Haven hospice brings on new CFO

Haven Hospice, the 35-year-old North Florida nonprofit hospice organization that has served more than 68,000 patients since opening, has hired Catherine Mitchell as vice president and chief financial officer. She will assume a strategic management role and will be responsible for planning, implementing, managing and controlling all financial-related activities.

“Catherine is a seasoned financial executive who has experience in growing hospice organizations,” said Haven Hospice President Tim Bowen. “Her diverse background, fresh perspective and strategic approach has helped her establish credibility and successful growth for the hospice organizations she has helped lead.”

Mitchell has more than 30 years of experience that includes insurance, banking, education and health care. Her most recent experience includes a CFO position at Hospice of the East Bay in California and leading financial initiatives for Bristol Hospice in Salt Lake City.

She said that, as a graduate of St. Petersburg High School who attended Florida State University, moving back Florida is a homecoming for her, in a sense, and that Haven is a very well-run organization with a national reputation that she is pleased to be a part of.

Mitchell also founded and led the Hospice Coalition, a Northern California-based group that started with eight organizations and has since grown to 21 independent nonprofit entities. The coalition tackles common challenges in the industry such as workers’ compensation, DME and long-term pharmacy, group purchasing and managed services. She said that she is looking forward to working with Haven as a single organization with an 18-county reach.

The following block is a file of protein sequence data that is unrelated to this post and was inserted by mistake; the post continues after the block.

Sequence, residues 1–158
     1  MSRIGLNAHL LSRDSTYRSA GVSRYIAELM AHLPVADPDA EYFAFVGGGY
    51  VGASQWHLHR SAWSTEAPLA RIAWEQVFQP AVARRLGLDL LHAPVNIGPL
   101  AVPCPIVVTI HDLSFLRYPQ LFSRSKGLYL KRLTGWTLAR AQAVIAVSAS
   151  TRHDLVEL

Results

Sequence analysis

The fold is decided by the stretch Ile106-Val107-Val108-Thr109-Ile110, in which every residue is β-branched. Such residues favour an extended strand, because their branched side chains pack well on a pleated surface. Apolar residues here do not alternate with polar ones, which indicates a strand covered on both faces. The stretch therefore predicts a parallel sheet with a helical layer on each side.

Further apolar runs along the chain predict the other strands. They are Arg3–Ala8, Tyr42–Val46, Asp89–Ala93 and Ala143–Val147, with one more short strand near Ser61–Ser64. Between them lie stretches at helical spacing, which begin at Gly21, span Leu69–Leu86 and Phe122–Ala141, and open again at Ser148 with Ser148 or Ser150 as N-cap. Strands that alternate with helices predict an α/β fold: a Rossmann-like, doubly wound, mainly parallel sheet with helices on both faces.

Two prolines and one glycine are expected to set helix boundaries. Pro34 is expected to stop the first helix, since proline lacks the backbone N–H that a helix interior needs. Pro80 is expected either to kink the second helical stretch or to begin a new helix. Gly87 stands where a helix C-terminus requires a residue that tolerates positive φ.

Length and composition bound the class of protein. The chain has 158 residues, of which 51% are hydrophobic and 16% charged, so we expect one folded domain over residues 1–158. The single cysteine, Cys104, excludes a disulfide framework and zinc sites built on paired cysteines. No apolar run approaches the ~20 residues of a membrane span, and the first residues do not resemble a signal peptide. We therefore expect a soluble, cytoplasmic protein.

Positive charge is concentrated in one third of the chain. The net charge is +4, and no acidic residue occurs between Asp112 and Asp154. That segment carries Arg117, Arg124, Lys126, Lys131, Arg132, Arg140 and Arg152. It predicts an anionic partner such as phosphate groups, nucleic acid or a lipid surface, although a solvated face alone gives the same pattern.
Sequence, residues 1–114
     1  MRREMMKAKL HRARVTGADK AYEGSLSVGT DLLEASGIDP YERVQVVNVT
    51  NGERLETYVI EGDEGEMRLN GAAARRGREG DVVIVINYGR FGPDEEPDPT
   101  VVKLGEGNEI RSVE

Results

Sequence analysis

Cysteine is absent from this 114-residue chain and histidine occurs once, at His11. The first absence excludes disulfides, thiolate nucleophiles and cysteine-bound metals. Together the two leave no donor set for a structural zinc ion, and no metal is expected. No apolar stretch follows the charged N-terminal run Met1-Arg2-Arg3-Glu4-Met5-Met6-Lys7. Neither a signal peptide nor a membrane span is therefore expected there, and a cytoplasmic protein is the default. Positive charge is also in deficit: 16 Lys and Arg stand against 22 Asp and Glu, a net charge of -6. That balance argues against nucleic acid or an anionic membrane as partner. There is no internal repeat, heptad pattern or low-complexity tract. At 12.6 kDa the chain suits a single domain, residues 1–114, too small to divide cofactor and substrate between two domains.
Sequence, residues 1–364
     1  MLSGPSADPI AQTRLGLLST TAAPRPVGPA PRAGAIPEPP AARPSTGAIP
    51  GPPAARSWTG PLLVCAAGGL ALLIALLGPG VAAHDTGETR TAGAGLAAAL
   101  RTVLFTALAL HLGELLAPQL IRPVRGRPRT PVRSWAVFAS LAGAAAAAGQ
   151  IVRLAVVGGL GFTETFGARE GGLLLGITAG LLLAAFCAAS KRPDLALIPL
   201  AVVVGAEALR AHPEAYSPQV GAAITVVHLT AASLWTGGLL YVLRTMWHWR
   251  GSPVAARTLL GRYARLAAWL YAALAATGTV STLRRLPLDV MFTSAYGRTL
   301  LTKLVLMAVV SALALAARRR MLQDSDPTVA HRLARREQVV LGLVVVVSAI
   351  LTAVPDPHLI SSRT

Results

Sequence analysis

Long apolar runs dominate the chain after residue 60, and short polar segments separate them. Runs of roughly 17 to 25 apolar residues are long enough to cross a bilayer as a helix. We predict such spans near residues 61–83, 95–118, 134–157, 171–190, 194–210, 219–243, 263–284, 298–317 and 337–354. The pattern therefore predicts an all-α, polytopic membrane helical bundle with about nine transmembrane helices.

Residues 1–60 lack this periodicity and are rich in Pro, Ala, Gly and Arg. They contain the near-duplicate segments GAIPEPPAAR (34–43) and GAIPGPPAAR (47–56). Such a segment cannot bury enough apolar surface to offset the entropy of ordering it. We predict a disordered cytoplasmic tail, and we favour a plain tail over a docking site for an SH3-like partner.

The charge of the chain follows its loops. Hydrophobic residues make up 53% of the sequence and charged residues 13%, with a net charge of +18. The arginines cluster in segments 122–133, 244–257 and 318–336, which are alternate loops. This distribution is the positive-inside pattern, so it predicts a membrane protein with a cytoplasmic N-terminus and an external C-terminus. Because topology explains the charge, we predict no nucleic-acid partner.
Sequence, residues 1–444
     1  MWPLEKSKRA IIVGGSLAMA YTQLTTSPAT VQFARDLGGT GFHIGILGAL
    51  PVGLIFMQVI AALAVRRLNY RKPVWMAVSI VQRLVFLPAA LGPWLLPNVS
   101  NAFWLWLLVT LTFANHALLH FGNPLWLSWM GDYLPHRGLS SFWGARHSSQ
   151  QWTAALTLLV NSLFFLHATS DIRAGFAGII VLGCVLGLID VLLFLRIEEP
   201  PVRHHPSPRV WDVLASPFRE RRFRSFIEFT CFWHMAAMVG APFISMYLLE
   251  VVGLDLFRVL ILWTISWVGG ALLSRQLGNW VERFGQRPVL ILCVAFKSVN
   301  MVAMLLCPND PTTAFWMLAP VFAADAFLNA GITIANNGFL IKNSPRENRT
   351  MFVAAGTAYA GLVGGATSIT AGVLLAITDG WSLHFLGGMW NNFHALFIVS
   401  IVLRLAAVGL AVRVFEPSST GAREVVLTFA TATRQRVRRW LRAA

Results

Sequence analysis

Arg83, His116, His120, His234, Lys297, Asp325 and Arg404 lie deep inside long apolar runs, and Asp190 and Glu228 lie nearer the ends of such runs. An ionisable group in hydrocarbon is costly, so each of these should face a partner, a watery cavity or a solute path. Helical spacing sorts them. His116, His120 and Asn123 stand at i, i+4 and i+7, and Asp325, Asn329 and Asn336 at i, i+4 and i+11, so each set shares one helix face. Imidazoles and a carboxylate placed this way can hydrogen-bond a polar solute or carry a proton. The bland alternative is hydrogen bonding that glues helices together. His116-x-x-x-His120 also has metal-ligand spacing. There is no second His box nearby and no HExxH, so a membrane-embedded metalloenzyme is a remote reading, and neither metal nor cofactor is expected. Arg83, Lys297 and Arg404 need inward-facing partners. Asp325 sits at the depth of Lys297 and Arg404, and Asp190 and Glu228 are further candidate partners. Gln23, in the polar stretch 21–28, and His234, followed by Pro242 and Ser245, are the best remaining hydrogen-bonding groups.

Discussions about Haven growing and expanding will take place later this year when the company decides on its 2015-and-beyond goals, she said, and that her first job will be to guide the staff through industry changes changes and new regulations by the Centers for Medicare & Medicaid Services. These include new methods of reporting patient care services rendered and new quality-of-care measures, which will be utilized as a “hospice compare” tool in the future for the general public.

“My first mission will be to meet those challenges while maintaining the highest level of patient care,” she said. Despite the challenge, Mitchell said that she is excited about the future because of a changing public perception about the importance of hospice care.

“We’re going to a place where hospice is recognized for its mission to provide quality end-of-life care and its importance not just to patients and families, but to our health care system,” she said.




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